21 TfL bus announcements that would improve Londoners lives more than ‘Hold on, the bus is about to move’

A London bus, inadvertently annoying everyone on board, yesterday.

Poor old Transport for London: they just wanted to suggest to people that it is safer to hold on when the bus is about to move away from the stop, and now every Londoner with an internet connection is using it to yell at them.

Not only is the new safety announcement, currently to be heard on all London buses, slightly patronising for anyone who has, say, used any form of wheeled transportation before, but it suffers from a technical fault. Passengers are treated to a rendition of “Please hold on, the bus is about to move” repeatedly throughout their journey, regardless of whether the bus is actually about to move or not.

If TfL really think buses need yet another announcement to break up the monotony of a bus journey, here are few bits of advice we think some people could really do with an occasional reminder about:

1) “Passengers sat on the aisle next to an empty seat in an attempt to claim as much personal space as possible are invited to get off the bus and hail a taxi instead.”

2) “Passengers sat on the aisle next to an empty seat across from a friend who has done the same are invited to get off the bus and jump into the nearest canal.”

3) “Passengers are reminded that sitting next to the only person on an otherwise empty bus is weird and creepy.”

4) “Unless they’re sitting at the front, which is fair game, let’s be honest.”

5) “If you just heard a ‘ding’, someone has pressed the stop button. Pressing it again won’t somehow cause the bus to stop more.”

6) “Seriously, would it help if we told you the bus explodes if it goes ‘ding’ more than three times in a minute?”

7) “There are seats available on the upper deck of this bus. Go up there and sit down so the bus won’t sail past the poor gits standing at the next stop in the pissing rain, you utter bastards.”

8) “Sorry chaps, if your willy is so big you need to spread your legs across two seats, it has to have a valid Oyster card.”

9) “Stop trying to make eye contact with strangers. This is LONDON.”

10) “Oh my god seriously leave that person alone they don't want to talk to you they just want to get home and cook sausages.”

In heaven, everything is fine. Image: Wikimedia Commons/Matty.

11) “Tourists: getting on the bus solely to ask the driver to explain how to get to Big Ben while everyone else is late for work will often offend. Especially at a bus stop in Parliament Square.”

12) “Anyone eating anything more substantial than a Twix is required to offer all the other passengers a bit first.”

13) Anyone drinking alcohol is reminded that not only is it now illegal, but it will make anyone who isn't extremely jealous.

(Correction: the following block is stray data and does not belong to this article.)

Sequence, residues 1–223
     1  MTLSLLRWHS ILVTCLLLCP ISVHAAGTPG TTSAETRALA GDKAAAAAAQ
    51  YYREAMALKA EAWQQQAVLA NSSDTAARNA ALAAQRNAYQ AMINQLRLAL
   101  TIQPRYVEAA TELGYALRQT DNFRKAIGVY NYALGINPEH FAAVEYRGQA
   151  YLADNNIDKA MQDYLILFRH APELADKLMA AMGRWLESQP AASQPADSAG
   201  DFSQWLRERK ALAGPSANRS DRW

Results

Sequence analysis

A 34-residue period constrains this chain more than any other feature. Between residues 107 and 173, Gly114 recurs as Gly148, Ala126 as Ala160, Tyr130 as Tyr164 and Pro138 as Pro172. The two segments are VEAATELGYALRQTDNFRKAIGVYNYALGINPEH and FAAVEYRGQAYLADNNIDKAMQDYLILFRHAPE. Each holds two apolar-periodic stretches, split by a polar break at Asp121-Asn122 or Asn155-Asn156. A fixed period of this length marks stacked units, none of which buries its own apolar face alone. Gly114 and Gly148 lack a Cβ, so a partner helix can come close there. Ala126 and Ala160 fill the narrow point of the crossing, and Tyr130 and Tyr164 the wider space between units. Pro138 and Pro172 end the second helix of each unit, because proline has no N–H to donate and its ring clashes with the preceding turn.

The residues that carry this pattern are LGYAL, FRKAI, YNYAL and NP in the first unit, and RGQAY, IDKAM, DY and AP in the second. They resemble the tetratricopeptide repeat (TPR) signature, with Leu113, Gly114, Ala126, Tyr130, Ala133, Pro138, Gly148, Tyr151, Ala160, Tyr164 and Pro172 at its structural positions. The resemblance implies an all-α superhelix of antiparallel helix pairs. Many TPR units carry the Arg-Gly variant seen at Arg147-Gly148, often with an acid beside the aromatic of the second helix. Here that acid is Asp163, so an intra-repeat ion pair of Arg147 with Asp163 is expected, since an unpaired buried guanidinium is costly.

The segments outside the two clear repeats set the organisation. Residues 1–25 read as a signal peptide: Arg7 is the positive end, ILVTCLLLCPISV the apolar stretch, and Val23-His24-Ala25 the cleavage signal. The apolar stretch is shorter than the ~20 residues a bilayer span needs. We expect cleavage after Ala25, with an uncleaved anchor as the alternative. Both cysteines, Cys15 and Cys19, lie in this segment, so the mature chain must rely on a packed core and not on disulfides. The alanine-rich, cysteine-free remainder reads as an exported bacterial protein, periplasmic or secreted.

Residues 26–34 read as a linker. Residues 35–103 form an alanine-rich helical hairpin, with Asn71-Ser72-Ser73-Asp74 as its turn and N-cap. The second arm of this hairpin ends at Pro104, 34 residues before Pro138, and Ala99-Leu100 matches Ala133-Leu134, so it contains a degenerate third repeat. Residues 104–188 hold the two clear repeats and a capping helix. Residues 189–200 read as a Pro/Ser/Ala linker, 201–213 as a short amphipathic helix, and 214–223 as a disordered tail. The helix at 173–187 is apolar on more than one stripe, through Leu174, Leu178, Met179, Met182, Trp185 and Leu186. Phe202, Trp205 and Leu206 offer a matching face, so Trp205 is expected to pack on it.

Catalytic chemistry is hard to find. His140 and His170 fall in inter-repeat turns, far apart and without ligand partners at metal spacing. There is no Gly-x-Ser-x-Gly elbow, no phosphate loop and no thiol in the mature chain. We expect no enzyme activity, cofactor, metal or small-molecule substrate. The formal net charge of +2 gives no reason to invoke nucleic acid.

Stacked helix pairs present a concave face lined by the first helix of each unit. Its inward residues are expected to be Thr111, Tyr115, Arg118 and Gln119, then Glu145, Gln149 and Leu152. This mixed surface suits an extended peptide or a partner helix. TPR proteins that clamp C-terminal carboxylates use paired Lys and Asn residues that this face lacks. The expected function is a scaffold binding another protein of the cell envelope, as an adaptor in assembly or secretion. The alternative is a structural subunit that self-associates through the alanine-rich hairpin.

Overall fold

14) “If you were listening to your piss-awful music through headphones instead of that crappy phone speaker you probably wouldn’t even be able to hear this annoying announcement.”

15) “Don’t stand on the stairs getting in the way, or if you do at least have the decency to fall down them so we can all have a good laugh.”


16) “Passengers considering having a loud and lengthy phone conversation should first rectally insert their handsets.”

17) “You. Yes, you. Everyone knows it was you that held up the bus fumbling around in your bag for your Oyster card and now wants you to die.”

18) “Chin up everyone, there is always at least a very slight chance that everything will be okay.”

19) “We apologise for the delay. It’s mainly down to all these dicks who think driving a car through central London is a good idea.”

20) “Please, can you all just stop being dicks, all the time.”

21) “Could the red-faced weirdo please stop getting so uptight about what other people do on the bus, you’ll do yourself an injury mate.”

Ed Jefferson works for the internet and tweets as @edjeff.

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Here are eight thoughts on TfL’s proposed cuts to London’s bus network

A number 12 bus crosses Westminster Bridge. Image: Getty.

In 2016, the urbanism blog City Observatory had a modest proposal for how American cities could sort out their transport systems: “Londonize”.

Its theory, the name of which referenced another popular urbanism blog, Copenhagenize, was that the key plank of Transport for London’s success was something that even transport nerds did not consider very sexy: its buses.

Though the Tube might get more glamorous press, London’s bus service really is impressively massive: It carries roughly 2.3bn passengers per year—much more than the Tube (1.3bn), close to the New York City subway (2.8bn), and nearly half as much as every bus service in America combined (5.1bn), while serving a population roughly 1/35 as large.

How has TfL done this? By making its bus network high frequency, reliable, relatively easy to understand and comprehensive. We rarely talk about this, because the tube map is far more fun – but the reason it’s so difficult to fall off the transport network in Greater London is because you’re never that far from a bus.

Given all that, we should probably talk about TfL’s plans to rethink – and in most cases, cut – as many as 36 different central London bus services over the next few months.

I’m not going to rehash details of the changes on which TfL is consulting from next month: there are just too many of them, and anyway it’s someone else’s scoop. The story was originally broken by Darryl Chamberlain over on 853 London; there’s also some fascinating analysis on Diamond Geezer’s blog. You should read both of those stories, though preferably not before you’ve finished reading this one.